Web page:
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Arthritis diet: The simple lunch food swap to lower your risk of painful symptoms

Rheumatoid Arthritis: NHS on common signs and symptoms

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Arthritis can be an uncomfortable condition to live with, and the foods you eat might be making matters worse. Too much salt in the diet is bad for anyone, but when consumed in excess it has been proven to cause joint irritation.

This is why people who have arthritis are advised to avoid adding additional salt to their food and look for low-salt options.

That doesn’t mean your food has to be bland and tasteless, though.

Experts from the Arthritis Foundation have a flavourful option though which can be made from scratch at home with heart-healthy ingredients, and far less salt than if you bought it off the shelf.

They recommend making your own low-sodium pea soup, which is “great for reducing salt”.

This “creamy” take on a classic pea soup takes just 45 minutes to prepare and is packed with additional health benefits.

Though the recipe includes garlic, onions and shallots for flavour, these ingredients are also rich in a type of antioxidant called quercetin.

The Arthritis Foundation states: “Quercetin is being studied for its potential ability to relieve inflammation in conditions like rheumatoid arthritis.”

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How to make low-salt pea soup at home


When selecting ingredients, be sure to check the nutrition label and opt for those with no sodium.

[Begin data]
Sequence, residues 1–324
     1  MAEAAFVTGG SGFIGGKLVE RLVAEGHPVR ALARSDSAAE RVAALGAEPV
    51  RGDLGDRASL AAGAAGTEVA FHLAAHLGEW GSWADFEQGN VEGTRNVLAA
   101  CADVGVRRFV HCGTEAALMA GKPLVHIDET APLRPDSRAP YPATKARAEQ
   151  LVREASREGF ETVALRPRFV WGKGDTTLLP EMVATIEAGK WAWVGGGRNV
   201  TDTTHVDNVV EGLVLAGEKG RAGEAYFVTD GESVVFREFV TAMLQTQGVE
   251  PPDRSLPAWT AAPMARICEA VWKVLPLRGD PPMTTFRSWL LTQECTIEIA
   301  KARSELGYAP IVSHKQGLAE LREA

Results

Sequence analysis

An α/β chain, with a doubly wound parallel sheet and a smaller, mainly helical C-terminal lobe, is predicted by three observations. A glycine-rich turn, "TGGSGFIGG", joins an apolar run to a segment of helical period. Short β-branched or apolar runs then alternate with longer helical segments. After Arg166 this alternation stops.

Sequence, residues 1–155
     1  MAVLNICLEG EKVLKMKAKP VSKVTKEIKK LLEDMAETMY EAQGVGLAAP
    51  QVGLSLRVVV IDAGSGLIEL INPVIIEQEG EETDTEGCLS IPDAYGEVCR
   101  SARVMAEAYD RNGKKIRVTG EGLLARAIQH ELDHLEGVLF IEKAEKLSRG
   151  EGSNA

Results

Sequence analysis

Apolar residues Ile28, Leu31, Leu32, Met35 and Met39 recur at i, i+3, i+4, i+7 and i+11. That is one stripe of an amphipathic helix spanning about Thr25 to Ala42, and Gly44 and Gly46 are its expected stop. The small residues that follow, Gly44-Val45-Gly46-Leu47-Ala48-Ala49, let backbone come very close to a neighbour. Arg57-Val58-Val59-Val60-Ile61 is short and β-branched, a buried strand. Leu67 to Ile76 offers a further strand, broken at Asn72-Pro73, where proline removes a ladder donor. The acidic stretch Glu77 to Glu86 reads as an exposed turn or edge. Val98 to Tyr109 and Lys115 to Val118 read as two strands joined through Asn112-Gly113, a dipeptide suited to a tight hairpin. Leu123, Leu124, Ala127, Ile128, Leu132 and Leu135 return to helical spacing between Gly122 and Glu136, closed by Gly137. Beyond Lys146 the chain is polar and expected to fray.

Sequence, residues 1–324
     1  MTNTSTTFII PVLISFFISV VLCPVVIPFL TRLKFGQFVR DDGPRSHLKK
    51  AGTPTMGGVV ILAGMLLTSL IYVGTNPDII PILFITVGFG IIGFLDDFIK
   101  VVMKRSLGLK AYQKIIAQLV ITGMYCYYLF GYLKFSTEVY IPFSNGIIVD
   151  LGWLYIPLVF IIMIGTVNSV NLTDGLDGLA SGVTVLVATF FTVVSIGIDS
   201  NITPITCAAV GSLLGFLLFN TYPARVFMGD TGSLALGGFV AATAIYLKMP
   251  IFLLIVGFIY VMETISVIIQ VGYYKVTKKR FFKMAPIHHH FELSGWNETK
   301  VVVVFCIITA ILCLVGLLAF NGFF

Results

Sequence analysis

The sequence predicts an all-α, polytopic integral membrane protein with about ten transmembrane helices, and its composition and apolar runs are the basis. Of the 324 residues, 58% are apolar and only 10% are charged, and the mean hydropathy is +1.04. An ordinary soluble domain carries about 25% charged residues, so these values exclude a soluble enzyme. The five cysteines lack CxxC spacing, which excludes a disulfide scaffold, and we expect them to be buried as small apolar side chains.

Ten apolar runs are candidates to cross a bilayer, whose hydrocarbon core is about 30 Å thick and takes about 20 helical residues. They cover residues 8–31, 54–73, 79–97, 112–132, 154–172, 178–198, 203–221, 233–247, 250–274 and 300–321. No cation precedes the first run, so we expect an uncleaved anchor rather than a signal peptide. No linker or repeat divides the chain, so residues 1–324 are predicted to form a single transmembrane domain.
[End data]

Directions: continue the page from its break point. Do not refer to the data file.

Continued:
• One shallot, diced
  • Five cloves of garlic, diced
  • One small white onion, diced
  • Two tablespoons of olive oil
  • One bag of frozen peas, no sodium
  • One bag of frozen corn, no sodium
  • No sodium chicken broth
  • White pepper, to taste
  • Crème fraiche, no sodium


Start by heating oil in a large pot over medium heat

Next, make sure your shallot, garlic and white onion are diced.

When the oil is hot, add the shallot, onion and garlic to a pot and stir until the shallot and onion are soft and translucent.

To the pot, add a bag of peas and half a bag of corn. Stir and heat for five minutes.

Next, mix two packets of your chicken broth (no sodium) with two cups of water. Add this to the pot of soup and bring to a boil. After this has boiled for five minutes, remove the pot from the heat.

Transfer the soup to a blender and blend until smooth.

To maximise thickness, reheat the soup low until it has reduced by a third.

Add white pepper to taste and transfer into bowls. Once cooled, top with a small spoon of crème fraiche.

Why does salt inflame joints?

In 2019, a study of mice found that arthritis was more severe in mice fed a high salt diet than in those on a diet containing normal salt levels

According to the Arthritis Foundation, excess salt can be particularly “risky” for those with rheumatoid arthritis (RA).

The experts state: “People with RA may feel the effects of salt even more.

“Corticosteroids, commonly used to treat RA, cause the body to hold more sodium.”

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